Dr. Rachel Rees and Lindsey Totah of the Sonoma County Health Services Department receive the county's first vaccine shipment from Pfizer. (Photo courtesy of Sonoma County)

Sonoma County received its first shipment of coronavirus vaccine this week as Bay Area counties continue to roll out the vaccine to front-line health care workers.

Sonoma County’s first vaccine allocation from the pharmaceutical company Pfizer totaled 4,875 doses, with most being delivered directly to six of the county’s hospitals on Thursday.

Santa Rosa Memorial Hospital, Petaluma Valley Hospital, Kaiser Permanente, Sutter Health, Healdsburg District Hospital and Sonoma Valley Hospital each received one box of vaccine.

The county’s Health Services Department also received two boxes of vaccine, containing a combined 1,950 doses, which will be administered to front-line workers in its Crisis Stabilization Unit, Behavioral Health Division and its first responders.

“The arrival of the vaccine is a hopeful sign and it gives us another critical tool as we fight this pandemic,” Sonoma County Health Officer Dr. Sundari Mase said. “Our health-care partners can now begin vaccinating frontline workers and those most vulnerable for getting COVID.”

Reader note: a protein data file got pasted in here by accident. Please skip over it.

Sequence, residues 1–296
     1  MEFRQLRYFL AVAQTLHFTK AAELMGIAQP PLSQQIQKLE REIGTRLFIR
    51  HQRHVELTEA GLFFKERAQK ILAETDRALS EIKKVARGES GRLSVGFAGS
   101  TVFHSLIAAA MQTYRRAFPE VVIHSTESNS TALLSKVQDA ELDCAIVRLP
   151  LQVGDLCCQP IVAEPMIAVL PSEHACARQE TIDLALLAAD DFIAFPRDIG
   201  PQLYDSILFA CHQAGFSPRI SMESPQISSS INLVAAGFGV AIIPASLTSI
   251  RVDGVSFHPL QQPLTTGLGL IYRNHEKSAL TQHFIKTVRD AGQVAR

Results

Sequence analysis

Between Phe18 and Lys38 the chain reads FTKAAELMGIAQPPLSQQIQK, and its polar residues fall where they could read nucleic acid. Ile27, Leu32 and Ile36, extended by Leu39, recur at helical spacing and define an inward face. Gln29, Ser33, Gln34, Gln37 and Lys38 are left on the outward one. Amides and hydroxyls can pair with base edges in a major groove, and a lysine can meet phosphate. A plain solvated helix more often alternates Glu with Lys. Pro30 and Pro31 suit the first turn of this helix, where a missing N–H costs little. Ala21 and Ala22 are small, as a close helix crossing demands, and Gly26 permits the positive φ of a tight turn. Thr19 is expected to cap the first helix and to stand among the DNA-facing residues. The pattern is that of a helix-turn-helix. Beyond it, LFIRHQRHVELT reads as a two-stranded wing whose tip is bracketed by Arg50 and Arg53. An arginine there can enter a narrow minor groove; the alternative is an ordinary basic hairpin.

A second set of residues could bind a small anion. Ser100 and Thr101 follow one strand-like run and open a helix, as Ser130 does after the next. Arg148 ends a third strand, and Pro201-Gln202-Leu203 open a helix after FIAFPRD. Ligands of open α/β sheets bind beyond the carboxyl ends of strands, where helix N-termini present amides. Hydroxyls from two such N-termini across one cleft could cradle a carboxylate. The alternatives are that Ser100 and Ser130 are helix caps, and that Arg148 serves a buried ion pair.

In Alameda County, health care workers at UCSF Benioff Children’s Hospital Oakland began receiving the vaccine on Thursday.

A total of 15 nurses, respiratory therapists, custodial workers, phlebotomists and physicians received vaccines Thursday at the hospital, with another 45 scheduled to be vaccinated Friday.

The Alameda County Health Care Service Agency also began vaccinating front-line health care workers Friday at Hayward’s St. Rose Hospital.

In accordance with the state’s vaccination rollout strategy, the first vaccine doses will go to health care workers and nursing home residents who are at highest risk of contracting the virus, according to the county.

“We are grateful for the opportunity to serve our hospital and 9-1-1 frontline staff in the first phase of what we believe will diminish the impact of this global pandemic” Health Care Services Agency Director Colleen Chawla said.

Alameda and Sonoma counties join Contra Costa, San Mateo, Santa Clara, Santa Cruz, San Francisco, Marin and Monterey counties in beginning to administer the vaccine with more shipments expected from Pfizer in the coming weeks.

In addition, the U.S. Food and Drug Administration is expected to grant an emergency use authorization this weekend to the Massachusetts-based biotechnology company Moderna for its vaccine.

The first doses of that vaccine are expected to arrive in California in the next two weeks, according to state officials.

Gov. Gavin Newsom said Monday that the state expects to receive a total of some 2.1 million vaccine doses from Pfizer and Moderna by the end of the month.

“This early phase of COVID-19 vaccine distribution is the first step toward a future when we can be together again,” Alameda County Board of Supervisors President Richard Valle said.